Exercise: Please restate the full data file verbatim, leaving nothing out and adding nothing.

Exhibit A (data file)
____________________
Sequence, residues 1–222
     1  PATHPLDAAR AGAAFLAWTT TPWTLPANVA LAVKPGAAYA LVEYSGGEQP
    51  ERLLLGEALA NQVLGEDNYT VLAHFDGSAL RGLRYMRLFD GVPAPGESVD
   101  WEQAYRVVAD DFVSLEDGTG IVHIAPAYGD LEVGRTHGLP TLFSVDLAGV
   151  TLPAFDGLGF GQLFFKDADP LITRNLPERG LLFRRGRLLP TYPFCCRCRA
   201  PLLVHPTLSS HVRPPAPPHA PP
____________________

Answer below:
Sequence, residues 1–222
     1  PATHPLDAAR AGAAFLAWTT TPWTLPANVA LAVKPGAAYA LVEYSGGEQP
    51  ERLLLGEALA NQVLGEDNYT VLAHFDGSAL RGLRYMRLFD GVPAPGESVD
   101  WEQAYRVVAD DFVSLEDGTG IVHIAPAYGD LEVGRTHGLP TLFSVDLAGV
   151  TLPAFDGLGF GQLFFKDADP LITRNLPERG LLFRRGRLLP TYPFCCRCRA
   201  PLLVHPTLSS HVRPPAPPHA PP